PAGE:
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Getting paid

I used to worry about asking to get paid. I still do. There is (was?) some part of me that feels like a scumbag because I’m asking for money.

But it’s not actually like that. I realised that my clients WANT to give me money.

One client is struggling because their client can’t afford to pay them. But they are putting a plan in place to make sure I get paid. They want to pay me.

I’ve got a new client and I was holding off writing the contract because I thought they weren’t ready. He rang me up, interrupting me, and made me do it.

I had a coaching client and I was struggling to charge him because I was unsure if what I was doing was helping or not. He kept ringing me up reminding me to send him an invoice.

People WANT to pay you. They want to give you a fair rate. They trust you to do a good job and they know what that’s worth.

The clients who battle you on price – they don’t believe in you – and they’re invariably the cheapskates who never get what they want.

So don’t work for them.

You know you’re good at what you do. That’s why you dropped everything to work for yourself.

Find the clients who can see that. Find the clients who value what you do.

They’re out there. You just need to look in the right places.

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So your client keeps ghosting you.

You ask for feedback and don’t hear back from them for weeks. And then they reply with “oh I thought I told you it was approved”.

Even worse, they leave invoices to go unpaid.

Work is slow and they (eventually) pay well but how do you deal with this?

First – I would make sure your contract details how you communicate and how you get paid. If you don’t have a contract get one, NOW!

Second – I would explain that all communications have to go through a project management system; something like Basecamp or Asana. That way, when you need something from them, like an approval, you can set them a reminder and it will ping them until they respond. And most systems keep an audit trail so you can see (and prove if necessary) that they didn’t reply or react to your questions.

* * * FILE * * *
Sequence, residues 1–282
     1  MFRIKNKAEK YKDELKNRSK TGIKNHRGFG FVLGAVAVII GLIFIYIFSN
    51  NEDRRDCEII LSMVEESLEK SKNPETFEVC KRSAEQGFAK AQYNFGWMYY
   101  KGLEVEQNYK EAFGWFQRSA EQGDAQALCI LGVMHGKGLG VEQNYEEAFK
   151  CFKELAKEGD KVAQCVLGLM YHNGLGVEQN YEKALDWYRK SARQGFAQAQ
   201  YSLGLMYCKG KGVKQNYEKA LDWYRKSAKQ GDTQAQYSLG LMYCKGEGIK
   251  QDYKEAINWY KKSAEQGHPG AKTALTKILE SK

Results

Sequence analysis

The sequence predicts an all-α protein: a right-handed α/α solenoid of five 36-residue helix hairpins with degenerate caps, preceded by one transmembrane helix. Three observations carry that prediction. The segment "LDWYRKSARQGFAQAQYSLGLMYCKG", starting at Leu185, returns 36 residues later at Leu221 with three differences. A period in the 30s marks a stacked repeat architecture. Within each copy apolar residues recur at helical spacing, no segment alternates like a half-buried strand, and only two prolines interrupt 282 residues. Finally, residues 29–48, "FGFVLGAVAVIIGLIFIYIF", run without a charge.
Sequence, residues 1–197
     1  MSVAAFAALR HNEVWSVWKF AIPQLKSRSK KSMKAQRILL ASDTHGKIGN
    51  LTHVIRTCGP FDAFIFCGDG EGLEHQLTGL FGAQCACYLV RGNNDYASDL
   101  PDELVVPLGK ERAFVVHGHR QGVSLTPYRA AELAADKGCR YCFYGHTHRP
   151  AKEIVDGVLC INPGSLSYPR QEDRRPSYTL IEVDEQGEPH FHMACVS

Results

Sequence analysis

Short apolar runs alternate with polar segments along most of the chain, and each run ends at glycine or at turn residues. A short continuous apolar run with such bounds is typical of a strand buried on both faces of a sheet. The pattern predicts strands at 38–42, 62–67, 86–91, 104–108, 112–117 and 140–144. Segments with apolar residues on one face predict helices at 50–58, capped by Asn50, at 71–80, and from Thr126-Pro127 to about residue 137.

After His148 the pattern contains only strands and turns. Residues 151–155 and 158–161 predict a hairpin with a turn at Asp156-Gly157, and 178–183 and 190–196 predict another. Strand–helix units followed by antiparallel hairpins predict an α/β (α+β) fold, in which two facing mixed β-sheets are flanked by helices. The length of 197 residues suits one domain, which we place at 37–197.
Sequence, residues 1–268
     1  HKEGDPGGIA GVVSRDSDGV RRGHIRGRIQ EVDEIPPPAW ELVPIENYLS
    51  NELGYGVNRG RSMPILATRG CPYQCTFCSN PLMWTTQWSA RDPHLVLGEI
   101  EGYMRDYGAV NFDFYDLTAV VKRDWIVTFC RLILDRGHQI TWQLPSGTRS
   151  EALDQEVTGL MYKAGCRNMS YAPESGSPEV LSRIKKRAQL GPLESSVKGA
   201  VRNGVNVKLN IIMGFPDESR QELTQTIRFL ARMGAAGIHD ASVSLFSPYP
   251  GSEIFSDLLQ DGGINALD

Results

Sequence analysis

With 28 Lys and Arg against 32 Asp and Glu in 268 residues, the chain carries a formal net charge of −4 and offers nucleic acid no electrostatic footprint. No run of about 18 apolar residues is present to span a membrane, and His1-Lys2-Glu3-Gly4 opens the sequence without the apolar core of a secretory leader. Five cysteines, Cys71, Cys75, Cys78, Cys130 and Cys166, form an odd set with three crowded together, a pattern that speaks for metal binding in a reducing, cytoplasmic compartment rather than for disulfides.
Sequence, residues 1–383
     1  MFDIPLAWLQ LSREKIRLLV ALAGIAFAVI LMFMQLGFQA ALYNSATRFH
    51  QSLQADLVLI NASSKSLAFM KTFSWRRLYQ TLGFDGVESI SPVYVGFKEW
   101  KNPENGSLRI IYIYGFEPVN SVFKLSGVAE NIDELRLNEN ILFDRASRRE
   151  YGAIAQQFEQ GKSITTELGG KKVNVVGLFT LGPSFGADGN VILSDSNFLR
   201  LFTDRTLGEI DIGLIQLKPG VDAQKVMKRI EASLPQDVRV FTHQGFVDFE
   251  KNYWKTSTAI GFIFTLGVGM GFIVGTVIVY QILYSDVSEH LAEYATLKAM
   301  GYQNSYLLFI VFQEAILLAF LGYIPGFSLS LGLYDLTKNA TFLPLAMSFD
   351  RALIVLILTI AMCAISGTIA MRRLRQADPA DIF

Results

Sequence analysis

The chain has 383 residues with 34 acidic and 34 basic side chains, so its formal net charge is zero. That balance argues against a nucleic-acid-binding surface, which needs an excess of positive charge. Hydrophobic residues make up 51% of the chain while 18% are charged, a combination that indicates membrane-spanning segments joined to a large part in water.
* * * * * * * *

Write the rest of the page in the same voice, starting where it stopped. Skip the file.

Put these in place, give them a fixed time period (say 4 weeks) to improve how they respond and if they don’t then call it a day.

That’s how I would deal with it. What about you?

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How do I deal with cheap clients who always pay late?

A common problem when working for yourself – especially in a service business where delivery of the project can take some time – is late payments.

Now there are a number of things going on here and it’s not necessarily going to be what you’re going to want to hear. But, underneath it all, there are two possible reasons that they’re paying late.

Firstly – they simply don’t have the money. This is a bad situation to be in. They’re not a good client for you, they shouldn’t have signed up with you and you should not have accepted them. It’s an easy mistake to make. I’ve got a client right now who owes me thousands, and I keep kicking myself over the situation I’ve put myself in.

Secondly – they don’t trust you to do the job. This is a bad situation to be in. They’re not a good client for you and you failed completely during the earlier stages of your relationship to remind them that the work you are about to embark on is important enough, vital even, to the success of their business.

In both cases it’s your fault.

So now you’ve found yourself in this situation, what do you do to deal with it?

Step 1) Stay in touch. Email and messaging isn’t enough. Schedule a weekly call with the client and keep them up to date on the progress made on the project every week. Just remind them that things are going well. I really don’t like talking to people but this has to be done. If they’re the “don’t have the money” type they will start to feel a bit of pressure to find the cash. If they’re the “don’t trust you” type they will start to understand that you’re actually making progress.

Step 2) Get some help. If things get too bad, ask someone else to get in touch with the client for you. I don’t know why, but having someone else’s voice delivering the message that payment is due makes a real difference. They don’t even need to be some muscly heavy type.

Step 3) Make sure it doesn’t happen again. Be more careful in how you select your clients. Add “guard rails” into your sales process where you inform yourself as to whether these are good clients or not.

Step 4) Give yourself time to find new clients. Make sure you understand what your pipeline looks like – if things are looking good, just feed your marketing activities in the background. But if your pipeline looks a bit empty, in three months time1, now is the time to take action. That way, you aren’t desperate for work the next time a dodgy client shows up and you don’t end up in this situation again.

If you’d like to take control of your time, escape the constant firefighting and build a business that works for you, the easy way to get started is to build a 12 Week Plan. My free planner shows you exactly what you need to do.

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